Has the PEN pilot been evaluated? Where can we find the evaluation report online?
Diabetes health care to be expanded
Myint Kay Thi
17 Nov 2017
Primary health care services covering diabetes will be implemented in 70 townships this year, and further expanded in designated zones of remote and rural areas, said Dr Ko Ko, program manager for diabetes under the Ministry of Health and Sports.
He said that about 20,000 gluco-meters were bought by the program to be distributed in rural and sub-rural health centres to diagnose with the help of health staffs, including midwives and medical assistants.
“This is a part of PEN project. We have been training the medical staffs involved in the program on how to provide health care services,” he added.
Package of Essential Noncommunicable diseases (PEN) project is led by the Department of Public Health, noncommunicable disease unit, aiming to provide early detection and primary health care services for such illnesses, including diabetes, hypertension, cancer, and respiratory related diseases.
“The PEN project aims to reach rural areas but some urban area also included. In particular, the project is providing hypertension and diabetes care in rural area” said Dr Ko Ko. “Health education, primary diagnose and referral system are also include in the project,”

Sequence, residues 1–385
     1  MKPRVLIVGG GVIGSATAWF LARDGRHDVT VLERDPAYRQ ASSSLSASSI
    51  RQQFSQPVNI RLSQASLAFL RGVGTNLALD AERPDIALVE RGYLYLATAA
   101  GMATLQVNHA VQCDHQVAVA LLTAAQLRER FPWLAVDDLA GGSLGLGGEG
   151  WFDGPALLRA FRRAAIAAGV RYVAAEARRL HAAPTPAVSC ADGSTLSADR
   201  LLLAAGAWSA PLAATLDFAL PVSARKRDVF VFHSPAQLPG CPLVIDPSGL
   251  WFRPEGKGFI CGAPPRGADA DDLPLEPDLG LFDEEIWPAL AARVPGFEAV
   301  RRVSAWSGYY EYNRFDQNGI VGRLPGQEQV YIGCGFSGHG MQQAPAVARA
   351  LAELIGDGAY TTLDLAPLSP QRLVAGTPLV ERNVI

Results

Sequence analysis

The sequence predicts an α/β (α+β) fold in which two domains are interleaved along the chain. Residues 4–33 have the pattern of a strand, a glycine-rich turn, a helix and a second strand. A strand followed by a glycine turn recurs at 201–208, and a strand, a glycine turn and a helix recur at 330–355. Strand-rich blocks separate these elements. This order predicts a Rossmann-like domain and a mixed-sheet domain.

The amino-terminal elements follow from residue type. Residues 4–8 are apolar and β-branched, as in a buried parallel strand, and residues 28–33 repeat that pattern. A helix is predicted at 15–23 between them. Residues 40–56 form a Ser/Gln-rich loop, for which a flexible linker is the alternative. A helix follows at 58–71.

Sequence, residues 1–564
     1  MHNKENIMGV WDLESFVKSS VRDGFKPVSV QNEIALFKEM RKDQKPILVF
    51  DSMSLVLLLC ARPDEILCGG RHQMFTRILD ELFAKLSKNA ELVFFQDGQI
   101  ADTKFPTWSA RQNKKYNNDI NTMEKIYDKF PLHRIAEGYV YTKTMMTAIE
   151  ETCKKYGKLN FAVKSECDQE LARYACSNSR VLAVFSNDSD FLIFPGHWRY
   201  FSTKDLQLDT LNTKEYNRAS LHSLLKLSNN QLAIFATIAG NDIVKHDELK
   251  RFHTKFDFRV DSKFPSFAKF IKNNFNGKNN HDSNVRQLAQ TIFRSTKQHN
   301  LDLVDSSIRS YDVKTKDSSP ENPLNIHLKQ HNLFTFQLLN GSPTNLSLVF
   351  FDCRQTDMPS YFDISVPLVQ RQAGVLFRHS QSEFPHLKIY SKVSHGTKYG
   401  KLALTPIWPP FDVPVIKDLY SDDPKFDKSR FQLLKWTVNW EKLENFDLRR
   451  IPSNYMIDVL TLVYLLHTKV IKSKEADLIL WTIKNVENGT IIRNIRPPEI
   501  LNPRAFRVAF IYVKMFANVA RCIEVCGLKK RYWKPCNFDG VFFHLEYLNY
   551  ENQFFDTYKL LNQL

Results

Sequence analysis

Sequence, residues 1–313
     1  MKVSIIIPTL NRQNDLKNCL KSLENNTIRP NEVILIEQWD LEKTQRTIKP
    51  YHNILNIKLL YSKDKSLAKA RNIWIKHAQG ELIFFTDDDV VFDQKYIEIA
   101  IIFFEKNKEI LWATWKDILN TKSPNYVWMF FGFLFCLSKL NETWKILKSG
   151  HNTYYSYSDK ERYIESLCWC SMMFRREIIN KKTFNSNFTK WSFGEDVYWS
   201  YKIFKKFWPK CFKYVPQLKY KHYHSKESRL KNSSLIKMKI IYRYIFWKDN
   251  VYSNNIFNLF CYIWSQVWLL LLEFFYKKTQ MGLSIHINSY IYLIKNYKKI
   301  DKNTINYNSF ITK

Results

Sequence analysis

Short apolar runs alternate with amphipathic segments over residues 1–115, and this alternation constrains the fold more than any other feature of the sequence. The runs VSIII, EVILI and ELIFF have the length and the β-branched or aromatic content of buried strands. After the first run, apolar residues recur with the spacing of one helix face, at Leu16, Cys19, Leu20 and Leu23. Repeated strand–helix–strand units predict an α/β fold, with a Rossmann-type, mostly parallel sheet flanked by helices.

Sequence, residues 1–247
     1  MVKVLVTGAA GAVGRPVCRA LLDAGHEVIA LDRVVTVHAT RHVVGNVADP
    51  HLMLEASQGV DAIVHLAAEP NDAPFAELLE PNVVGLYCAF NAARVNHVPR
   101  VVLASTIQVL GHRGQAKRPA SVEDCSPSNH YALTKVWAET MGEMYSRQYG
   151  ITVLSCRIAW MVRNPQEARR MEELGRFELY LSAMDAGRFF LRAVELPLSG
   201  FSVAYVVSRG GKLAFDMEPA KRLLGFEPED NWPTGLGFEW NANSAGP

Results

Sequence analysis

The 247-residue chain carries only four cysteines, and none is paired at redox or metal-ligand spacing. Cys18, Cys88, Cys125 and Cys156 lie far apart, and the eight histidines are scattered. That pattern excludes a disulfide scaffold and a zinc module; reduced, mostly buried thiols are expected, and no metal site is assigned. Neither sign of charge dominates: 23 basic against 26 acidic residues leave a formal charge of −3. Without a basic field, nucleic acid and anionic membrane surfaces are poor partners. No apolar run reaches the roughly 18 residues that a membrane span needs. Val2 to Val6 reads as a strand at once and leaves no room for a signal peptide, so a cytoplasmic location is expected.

PEN project would be implemented in 70 townships this year, and will expand to 100 townships in the coming year, said Dr Ko Ko. The project started in two townships in Yangon in 2012, as a pilot program.
“The ministry plans to implement PEN projects in all townships eventually,” he added.
Prof Tint Swe Latt, President of Myanmar Diabetes Association (MMDA), also known as a diabetes specialist, said that 2.5 million of Myanmar people are suffering from diabetes and five million people are pre-diabetic according to the 2014 data.
According to the latter, implemented by WHO and the Ministry of Health and Sport, 10.5 pc of Myanmar people are suffering from diabetes. The prevalence of diabetes in the country is 9 pc in rural area and 14 pc in urban area.
“In Myanmar, the prevalence of diabetes is increasing. It targeted 6 pc of the population in 2003 and 10.5 pc in 2014. It means one in 10 people are suffering from diabetes in Myanmar. That is a cause for concern,” said Prof Tint Swe Latt.
A 35-year-old woman from South Dagon township, Yangon, said that “last month, [she] was diagnosed due with exhaustion caused by diabetes. Now [she] needs insulin to treat diabetes. Early prevention is better as diabetes is a long-term problem.”
Health problems such as blindness, heart attack, kidney disease, stroke, neuropathy, lower limb amputation can result from diabetes, said Dr Ko Ko.
He mentioned that “Early detection is the best way to cure and to prevent secondary health problems. Diabetes is a long-term disease but a preventable disease. A healthy lifestyle, diet, good exercise are important.”
“Preventive measures include eating healthy, physical activity, not smoking or drinking alcohol, avoiding overly sugary foods and saturated fats intake.”
According to WHO, an estimated 1.6 million deaths were directly caused by diabetes in 2015.